However, a number of political, economic, geographical factors have determined the essential features of each of these elite groups. This difference led to a difference in the modernization trajectories along which the states moved. It should be acknowledged that at the time of the collapse of the USSR and the former republics gained independence, the Ukrainian elite was inferior to the Russian elite in many respects, and its potential to become a subject of real modernization seemed weaker.

The need for modernization poses a significant number of challenges to all groups in society. The success of transformations depends on the joint work of all its parts. However, in the transition period, special responsibility rests with the elite. The success of modernization changes largely depends on how effectively and in a timely manner it will respond to external and internal challenges. These challenges arise in all spheres of public life without exception, and the lack of an adequate response to them can lead to crises that slow down the entire reform process, will lead to its collapse.

In the political sphere, the main task of the elite at the initial stage of social transformations was the transition of all its representatives to state positions, the formation on this basis, so to speak, of a basic internal elite consensus. In Russia, this issue was quite acute – the confrontation with the allied authorities played a significant consolidating role. Another important factor was that the leaders of the movement for the sovereignty of the RSFSR eventually led the transformation. The long traditions of Russian statehood also gave no reason to doubt the ability of Russia as an independent subject of international relations.

In Ukraine, on the other hand, the issue of national sovereignty did not have the unequivocal support of all segments of the elite. Many of its representatives supported the idea of ​​independence for purely opportunistic reasons. Most members of the nomenklatura, who in fact formed the backbone of the new elite, for a long time considered the Ukrainian state and its independence as something temporary and frivolous, which prompted them to focus solely on their own interests, did not promote fruitful professional activity.

The next task facing the elites of both countries was to develop a strategy and basic principles of modernization in the field of power relations, the implementation of not only formal, institutional, but also real democratization. In Russia, under the auspices of the state leadership, attempts were made to create a scientifically sound strategy for reforming the economic and political spheres of society. It was the program developed by E. Gaidar’s team that formed the basis of the government’s activity, which he himself headed. However, this program was based on misconceptions about the effectiveness of market relations as a means of rapid economic recovery, did not take into account a number of significant features of the economy of the post-Soviet country, and therefore could not be and was not implemented.

In Ukraine, however, the lack of a basic consensus on the cornerstones of state-building, models of economic and political development has led to a situation where the problem of developing a realistic and thorough plan of reform measures has not received sufficient attention from the political elite. Researchers note that there was no systematic and systematic transformation transformed by the authorities [2, p. 81]. The only goal, which was quite clearly traced in her actions, was the actual enrichment of the elite [6, p. 104].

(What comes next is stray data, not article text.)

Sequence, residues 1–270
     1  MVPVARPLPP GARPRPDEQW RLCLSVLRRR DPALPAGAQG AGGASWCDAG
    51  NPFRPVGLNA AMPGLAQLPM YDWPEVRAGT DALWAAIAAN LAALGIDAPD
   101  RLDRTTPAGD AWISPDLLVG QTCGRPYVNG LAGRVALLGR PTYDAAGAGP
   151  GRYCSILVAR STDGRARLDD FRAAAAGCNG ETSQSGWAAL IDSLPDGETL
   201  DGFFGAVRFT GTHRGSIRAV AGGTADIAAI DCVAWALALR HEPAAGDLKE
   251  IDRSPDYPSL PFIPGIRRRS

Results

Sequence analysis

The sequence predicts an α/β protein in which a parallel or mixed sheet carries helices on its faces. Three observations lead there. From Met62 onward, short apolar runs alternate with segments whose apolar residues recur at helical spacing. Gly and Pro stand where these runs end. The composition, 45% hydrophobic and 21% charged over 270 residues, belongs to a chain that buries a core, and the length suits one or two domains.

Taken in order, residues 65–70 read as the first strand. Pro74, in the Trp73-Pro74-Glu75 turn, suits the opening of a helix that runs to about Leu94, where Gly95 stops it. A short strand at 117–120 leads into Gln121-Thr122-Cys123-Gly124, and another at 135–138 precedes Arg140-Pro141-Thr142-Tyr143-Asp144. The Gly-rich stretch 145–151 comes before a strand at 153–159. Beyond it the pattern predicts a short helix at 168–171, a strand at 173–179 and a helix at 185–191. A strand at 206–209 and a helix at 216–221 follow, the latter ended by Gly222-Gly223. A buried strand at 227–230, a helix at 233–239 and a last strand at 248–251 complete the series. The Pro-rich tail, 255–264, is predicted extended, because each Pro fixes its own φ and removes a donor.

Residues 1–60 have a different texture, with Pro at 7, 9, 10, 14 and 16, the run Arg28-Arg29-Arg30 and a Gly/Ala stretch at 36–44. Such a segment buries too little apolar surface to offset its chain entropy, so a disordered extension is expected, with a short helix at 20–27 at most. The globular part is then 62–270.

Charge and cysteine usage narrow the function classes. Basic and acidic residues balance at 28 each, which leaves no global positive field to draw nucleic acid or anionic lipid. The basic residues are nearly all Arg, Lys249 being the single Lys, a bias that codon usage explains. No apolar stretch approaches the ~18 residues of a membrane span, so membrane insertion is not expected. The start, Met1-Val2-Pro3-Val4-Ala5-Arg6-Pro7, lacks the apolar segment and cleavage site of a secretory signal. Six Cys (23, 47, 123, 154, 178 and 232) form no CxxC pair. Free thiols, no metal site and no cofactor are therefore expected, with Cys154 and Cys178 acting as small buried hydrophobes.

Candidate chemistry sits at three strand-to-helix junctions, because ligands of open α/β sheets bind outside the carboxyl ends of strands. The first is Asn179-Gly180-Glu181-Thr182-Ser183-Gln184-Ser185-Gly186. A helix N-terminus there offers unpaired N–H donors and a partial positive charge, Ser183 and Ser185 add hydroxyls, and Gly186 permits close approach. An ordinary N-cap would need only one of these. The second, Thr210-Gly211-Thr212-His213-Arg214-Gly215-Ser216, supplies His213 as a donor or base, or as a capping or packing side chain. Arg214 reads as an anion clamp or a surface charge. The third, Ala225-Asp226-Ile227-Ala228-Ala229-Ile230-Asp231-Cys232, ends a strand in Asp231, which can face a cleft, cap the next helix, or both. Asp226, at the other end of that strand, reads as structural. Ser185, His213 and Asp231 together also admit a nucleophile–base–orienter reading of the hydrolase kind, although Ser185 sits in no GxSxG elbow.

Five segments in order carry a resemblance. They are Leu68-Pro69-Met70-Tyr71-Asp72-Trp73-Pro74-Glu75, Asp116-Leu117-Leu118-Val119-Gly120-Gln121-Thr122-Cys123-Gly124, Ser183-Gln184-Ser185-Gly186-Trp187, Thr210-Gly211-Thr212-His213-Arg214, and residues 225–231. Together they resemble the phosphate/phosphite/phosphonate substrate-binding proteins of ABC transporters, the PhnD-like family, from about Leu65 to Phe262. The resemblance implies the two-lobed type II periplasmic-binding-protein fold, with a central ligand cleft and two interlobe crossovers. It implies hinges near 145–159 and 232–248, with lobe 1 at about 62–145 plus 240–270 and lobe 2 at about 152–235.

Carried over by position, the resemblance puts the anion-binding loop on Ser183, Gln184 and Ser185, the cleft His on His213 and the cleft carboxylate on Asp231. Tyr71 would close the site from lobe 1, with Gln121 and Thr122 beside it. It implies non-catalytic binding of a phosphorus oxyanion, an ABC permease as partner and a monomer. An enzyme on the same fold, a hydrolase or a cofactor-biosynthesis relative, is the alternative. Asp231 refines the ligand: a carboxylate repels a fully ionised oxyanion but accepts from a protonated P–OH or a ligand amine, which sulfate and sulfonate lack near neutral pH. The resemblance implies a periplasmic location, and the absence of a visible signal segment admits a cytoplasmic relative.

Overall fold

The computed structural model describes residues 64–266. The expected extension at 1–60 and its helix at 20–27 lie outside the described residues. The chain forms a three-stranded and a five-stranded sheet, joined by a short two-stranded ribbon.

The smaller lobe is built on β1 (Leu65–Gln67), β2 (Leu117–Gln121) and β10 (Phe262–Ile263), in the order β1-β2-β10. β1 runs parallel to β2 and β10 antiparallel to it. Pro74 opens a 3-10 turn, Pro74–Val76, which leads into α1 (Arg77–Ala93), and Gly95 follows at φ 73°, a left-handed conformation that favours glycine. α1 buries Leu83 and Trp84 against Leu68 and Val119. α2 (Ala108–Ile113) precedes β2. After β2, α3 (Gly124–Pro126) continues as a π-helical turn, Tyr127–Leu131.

An important condition for the success of modernization is the formation of a clear configuration of power relations. The lack of such a stable balance of power between elite segments and power institutions encourages a constant struggle to expand influence. In these conditions, the solution of the problems of social modernization recedes into the background. In both Ukraine and Russia, the problem of the separation of powers between parliament and the president quickly arose. This confrontation diverted attention from solving urgent economic and political problems. In Russia, elites failed to prevent escalation of tensions, and it came to storming the legislature’s residence. As a result, President Boris Yeltsin was able to concentrate much of his power in his hands, significantly narrowing the powers of the State Duma.

In this way, the problem of “separation of powers” was solved. However, the “non-political” methods of achieving this goal and the too broad powers given to the Russian president, indicate a significant strengthening of authoritarian tendencies and call into question the possibility of building a democratic state here [4, p. 68].

In Ukraine, the contradictions between the executive and legislative branches of government were also perhaps the most important element of the country’s political life summary and setting of a tree grows in brooklyn during the first years of independence. But the solution to this issue did not go beyond the political sphere, and the gradual strengthening of the president’s position took place without the use of brute force. However, the establishment of a stable configuration of powers was significantly delayed, which, accordingly, hampered the implementation of systemic reforms. Thus, we see that in the case of Russia, the response of the elite to this challenge was not adequate to the requirements of democratization, and in Ukraine – belated and incomplete.

In the public sphere, the primary task of the elites was the formation of a new national idea, which could become the basis for the consolidation of society, its focus on the implementation of modernization.